BEST CHICAGO GM: Three GMs are in action out in Chicago this weekend: the White Sox's Kenny Williams, the Cubs' Jim Hendry and football's Jerry Angelo, leader of the Bears. Which GM inspires the most confidence to get things done? No surprise, it's Williams, who has a history of not waiting around to make his move. (Chicago Tribune)

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Posted on: June 13, 2011 8:20 pm
Edited on: June 13, 2011 9:11 pm
 

Dodgers' Padilla to have neck surgery

By C. Trent Rosecrans

Vicente PadillaThe Dodgers have announced reliever Vicente Padilla will have neck surgery on Thursday and is out an "extended period of time."

The 33-year-old right-hander hasn't pitched since May 13 when he was put on the disabled list. Padilla has no record and a 4.15 ERA in nine appearances with three saves.

The Dodgers have been using a hodgepodge of relievers in their bullpen, as seven different pitchers have recorded saves for the team this season. Lefty Scott Elbert was the latest Dodgers reliever to record a save, picking up the first of his career by recording one out against the Rockies on Sunday.

Kenley Jansen (right shoulder inflammation) and Hong-Chih Kuo (anxiety disorder) are currently on rehab assignments, while closer Jonathan Broxton (bone bruise in right elbow) is expected to start a rehab assignment this week.

For more baseball news, rumors and analysis, follow @cbssportsmlb on Twitter or subscribe to the RSS feed.

Posted on: June 4, 2011 3:08 pm
 

Dodgers add ninth, 10th players to DL

By C. Trent Rosecrans

Rafael FurcalThe Dodgers disabled list has reached double-digits, as the team placed shortstop Rafael Furcal (strained oblique) and pitcher Jon Garland (right shoulder inflammation) on the 15-day disabled list.

The Dodgers have the most players on the disabled list in the majors, but infielder Juan Uribe (hip) and outfielder Marcus Thames (quadriceps) are expected to return soon. Starter Vicente Padilla has had a setback with pain in his neck, so he wasn't called up.

The Dodgers called up infielder Ivan De Jesus Jr. and right-hander John Ely.

Furcal returned from the DL on May 22 after suffered a fractured left thumb and was hitting just .225/.244/.300 with one home run and a stolen base in 10 games since his return. He's hitting just .212/.246/.273 in 17 games overall.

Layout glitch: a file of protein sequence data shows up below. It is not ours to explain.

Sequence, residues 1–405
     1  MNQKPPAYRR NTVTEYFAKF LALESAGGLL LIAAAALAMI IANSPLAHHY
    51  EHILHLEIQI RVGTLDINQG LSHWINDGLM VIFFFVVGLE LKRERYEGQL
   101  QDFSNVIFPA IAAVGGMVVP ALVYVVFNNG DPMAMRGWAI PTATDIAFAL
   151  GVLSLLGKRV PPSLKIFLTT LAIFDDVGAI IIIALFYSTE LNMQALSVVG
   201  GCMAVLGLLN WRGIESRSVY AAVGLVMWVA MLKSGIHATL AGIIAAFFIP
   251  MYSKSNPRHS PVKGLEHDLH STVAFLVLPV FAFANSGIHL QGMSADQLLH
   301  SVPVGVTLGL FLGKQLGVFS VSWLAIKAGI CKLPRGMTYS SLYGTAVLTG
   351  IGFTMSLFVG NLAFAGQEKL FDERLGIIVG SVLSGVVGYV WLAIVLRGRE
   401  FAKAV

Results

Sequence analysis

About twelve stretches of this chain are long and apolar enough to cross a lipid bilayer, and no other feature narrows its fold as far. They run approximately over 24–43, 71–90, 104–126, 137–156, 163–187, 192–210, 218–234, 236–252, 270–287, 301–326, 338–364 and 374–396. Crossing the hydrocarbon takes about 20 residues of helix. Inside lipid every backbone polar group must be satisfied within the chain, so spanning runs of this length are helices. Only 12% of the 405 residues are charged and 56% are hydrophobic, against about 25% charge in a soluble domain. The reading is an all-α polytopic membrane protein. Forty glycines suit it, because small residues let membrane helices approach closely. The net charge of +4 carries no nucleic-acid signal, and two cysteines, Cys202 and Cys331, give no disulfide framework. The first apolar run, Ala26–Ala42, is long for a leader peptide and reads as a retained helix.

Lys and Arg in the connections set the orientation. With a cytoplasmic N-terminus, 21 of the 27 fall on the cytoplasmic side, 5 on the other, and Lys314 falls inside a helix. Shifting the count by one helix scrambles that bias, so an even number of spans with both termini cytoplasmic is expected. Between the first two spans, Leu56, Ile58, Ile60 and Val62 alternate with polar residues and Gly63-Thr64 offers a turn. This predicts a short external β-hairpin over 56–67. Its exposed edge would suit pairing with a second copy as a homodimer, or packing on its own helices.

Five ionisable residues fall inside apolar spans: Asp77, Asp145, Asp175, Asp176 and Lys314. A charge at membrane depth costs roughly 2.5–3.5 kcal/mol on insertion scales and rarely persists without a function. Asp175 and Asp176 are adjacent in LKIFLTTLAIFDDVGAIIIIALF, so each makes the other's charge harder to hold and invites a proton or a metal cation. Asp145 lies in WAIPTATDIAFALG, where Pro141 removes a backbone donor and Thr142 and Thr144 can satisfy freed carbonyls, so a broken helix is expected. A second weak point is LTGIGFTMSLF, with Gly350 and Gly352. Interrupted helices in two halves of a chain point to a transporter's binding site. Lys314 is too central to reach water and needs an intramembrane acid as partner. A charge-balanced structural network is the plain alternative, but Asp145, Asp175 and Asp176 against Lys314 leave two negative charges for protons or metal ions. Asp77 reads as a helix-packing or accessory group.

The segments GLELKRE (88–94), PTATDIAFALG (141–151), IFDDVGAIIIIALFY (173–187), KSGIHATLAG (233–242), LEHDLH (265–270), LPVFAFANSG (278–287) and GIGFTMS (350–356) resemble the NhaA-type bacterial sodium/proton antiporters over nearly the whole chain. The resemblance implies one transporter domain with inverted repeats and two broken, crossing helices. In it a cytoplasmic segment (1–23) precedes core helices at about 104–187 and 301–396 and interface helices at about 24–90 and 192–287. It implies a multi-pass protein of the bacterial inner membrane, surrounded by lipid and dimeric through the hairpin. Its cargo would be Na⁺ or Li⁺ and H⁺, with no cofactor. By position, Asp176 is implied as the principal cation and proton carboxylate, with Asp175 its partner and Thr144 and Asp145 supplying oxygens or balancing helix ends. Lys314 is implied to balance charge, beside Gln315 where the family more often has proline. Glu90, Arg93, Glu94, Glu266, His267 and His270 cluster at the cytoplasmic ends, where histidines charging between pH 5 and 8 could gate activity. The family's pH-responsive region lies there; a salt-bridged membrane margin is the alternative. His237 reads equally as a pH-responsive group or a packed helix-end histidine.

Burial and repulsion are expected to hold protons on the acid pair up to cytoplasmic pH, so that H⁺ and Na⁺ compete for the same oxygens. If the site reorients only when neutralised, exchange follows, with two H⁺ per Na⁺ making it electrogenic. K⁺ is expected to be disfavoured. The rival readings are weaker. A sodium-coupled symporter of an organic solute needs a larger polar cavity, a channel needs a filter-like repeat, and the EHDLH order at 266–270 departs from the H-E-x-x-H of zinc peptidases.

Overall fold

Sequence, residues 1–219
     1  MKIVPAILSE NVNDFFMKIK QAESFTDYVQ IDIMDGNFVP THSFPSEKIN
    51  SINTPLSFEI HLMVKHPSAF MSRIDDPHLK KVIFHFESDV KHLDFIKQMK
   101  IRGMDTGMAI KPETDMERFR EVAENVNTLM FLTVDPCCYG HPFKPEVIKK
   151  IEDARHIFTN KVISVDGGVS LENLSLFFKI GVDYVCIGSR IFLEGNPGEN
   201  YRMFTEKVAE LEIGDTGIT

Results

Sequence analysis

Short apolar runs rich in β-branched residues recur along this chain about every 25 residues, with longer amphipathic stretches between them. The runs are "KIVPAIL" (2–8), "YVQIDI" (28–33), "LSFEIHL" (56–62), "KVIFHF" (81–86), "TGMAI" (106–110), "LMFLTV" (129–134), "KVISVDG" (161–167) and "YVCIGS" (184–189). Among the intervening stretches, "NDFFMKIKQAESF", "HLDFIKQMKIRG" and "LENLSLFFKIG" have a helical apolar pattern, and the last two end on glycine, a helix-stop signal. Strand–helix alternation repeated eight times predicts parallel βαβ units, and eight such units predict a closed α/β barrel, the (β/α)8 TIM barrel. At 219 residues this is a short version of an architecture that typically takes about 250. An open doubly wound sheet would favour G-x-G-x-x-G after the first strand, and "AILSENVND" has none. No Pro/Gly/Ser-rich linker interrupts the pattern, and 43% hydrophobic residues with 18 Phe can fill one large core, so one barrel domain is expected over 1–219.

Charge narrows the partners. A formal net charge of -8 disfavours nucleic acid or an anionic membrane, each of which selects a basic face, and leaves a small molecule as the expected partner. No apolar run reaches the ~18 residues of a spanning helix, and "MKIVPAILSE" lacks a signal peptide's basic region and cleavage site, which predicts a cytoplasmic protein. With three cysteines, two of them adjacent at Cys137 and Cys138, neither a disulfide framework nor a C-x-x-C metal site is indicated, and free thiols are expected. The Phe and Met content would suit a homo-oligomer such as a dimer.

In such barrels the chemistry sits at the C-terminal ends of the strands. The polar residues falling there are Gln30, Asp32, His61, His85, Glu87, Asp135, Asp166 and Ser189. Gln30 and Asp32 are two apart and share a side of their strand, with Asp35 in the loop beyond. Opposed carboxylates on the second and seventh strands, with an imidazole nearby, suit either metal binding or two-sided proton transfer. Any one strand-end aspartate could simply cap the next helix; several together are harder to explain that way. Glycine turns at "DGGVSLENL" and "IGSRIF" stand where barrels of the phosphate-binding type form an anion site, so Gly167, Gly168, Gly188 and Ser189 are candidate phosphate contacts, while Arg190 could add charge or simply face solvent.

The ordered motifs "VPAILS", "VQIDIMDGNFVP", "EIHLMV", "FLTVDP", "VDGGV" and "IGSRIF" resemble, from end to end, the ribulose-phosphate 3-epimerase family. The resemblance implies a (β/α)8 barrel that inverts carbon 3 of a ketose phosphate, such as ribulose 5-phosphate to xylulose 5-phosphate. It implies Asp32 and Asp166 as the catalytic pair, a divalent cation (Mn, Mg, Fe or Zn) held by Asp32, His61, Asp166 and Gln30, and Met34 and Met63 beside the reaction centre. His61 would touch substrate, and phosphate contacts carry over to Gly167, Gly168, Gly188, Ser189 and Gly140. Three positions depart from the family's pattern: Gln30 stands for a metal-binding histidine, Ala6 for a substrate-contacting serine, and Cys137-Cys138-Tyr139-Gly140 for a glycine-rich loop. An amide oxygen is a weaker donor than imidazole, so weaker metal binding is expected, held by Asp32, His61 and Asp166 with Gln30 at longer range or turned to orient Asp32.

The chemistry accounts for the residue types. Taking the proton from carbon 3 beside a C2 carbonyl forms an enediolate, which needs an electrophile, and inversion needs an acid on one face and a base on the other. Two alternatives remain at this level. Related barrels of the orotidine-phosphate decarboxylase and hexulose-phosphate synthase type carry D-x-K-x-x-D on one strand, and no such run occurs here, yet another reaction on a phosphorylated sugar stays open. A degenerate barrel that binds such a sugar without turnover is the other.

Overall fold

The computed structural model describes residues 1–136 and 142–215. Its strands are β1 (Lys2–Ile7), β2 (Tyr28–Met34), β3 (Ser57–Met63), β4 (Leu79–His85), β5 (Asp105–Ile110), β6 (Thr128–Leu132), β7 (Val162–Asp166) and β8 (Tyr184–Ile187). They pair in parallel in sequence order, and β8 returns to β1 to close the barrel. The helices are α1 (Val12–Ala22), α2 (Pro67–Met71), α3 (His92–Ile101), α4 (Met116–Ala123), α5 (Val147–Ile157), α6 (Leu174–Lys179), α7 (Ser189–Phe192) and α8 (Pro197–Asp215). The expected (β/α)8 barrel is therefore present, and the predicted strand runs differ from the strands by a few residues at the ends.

Garland is 1-5 with a 4.33 ERA in nine starts. He's pitched 54 innings this year and could lose money because of his injuries. Garland is making $3.5 million this year, but would received another $3.525 million if he pitches between 150-190 innings this season and a vesting option for 2012 at $8 million if he pitches 190 innings this year.

Also on the 15-day disabled list for the Dodgers are relievers Jonathan Broxton (elbow), Blake Hawksworth (groin), Kenley Jansen (shoulder) and Hong-Chih Kuo (illness). Catcher Hecotr Gimenez (knee) is on the 60-day disabled list.

Los Angeles has just one pitcher on the 40-man roster who isn't either in the majors or on the major or minor league disabled list. That pitcher, Luis Vasquez, is currently at Class A Rancho Cucumonga.

The Twins currently have eight players on the disabled list, including two (Joe Mauer and Tsuyoshi Nishioka) on the 60-day disabled list.

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Posted on: May 30, 2011 11:20 pm
 

Who is the Dodgers' closer?



By C. Trent Rosecrans

Dodgers manager Don Mattingly was asked what appeared to be a pretty simple question before his team's game against the Rockies on Monday: Who is the Dodgers' closer?

"How do I know?" Mattingly answered, according to the Los Angeles Times.

Jonathan Broxton, Hong-Chih Kuo, Vicente Padilla and Kenley Jansen are all on the disabled list.

Matt Guerrier and Mike MacDougal both have saves this season, but Mattingly said he'd rather keep those two pitching in the middle innings -- and as a safety net if one of his younger relievers gets in trouble and have to leave in the middle of an inning.

That leaves him with Javy Guerra, Scott Elbert and Rubby De La Rosa as the choice to close. All three have recently been called up from the minors.Combined, the three have pitched 39 1/3 innings in the big leagues -- and 30 1/3 of those belong to the lefty Elbert, who appeared in 19 games for the Dodgers in 2009.

The three have pitched well enough in their limited appearances so far.

Elbert, 25, had given up just one hit and a walk, while striking out five in four scoreless innings before Monday, when he allowed a hit and a walk, but no runs or outs in his six-pitch outing. He was rescued by Guerrier, just as Mattingly said he wanted to do.

Guerra, 25, came into Monday's game having allowed four hits and two walks in six innings, allowing two runs, while walking two and striking out four. He earned a save last week against the Astros.

De La Rosa, 22, picked up the win in his last outing, Friday against the Marlins when he allowed a run on two hits in two innings of work. It was just the second outing of his career, having made his big-league debut three days earlier with a scoreless inning against the Astros. The hard-throwing right hander was 7-2 with a 2.37 ERA and six saves last season at Class A and Double-A.

Mattingly didn't need to tip his hand Monday, as the Dodgers led 7-1 going into the ninth, a non-save situation. However, Guerra finished out the game for Los Angeles, allowing two hits, but no runs, in his inning of work.

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The views expressed in this blog are solely those of the author and do not reflect the views of CBS Sports or CBSSports.com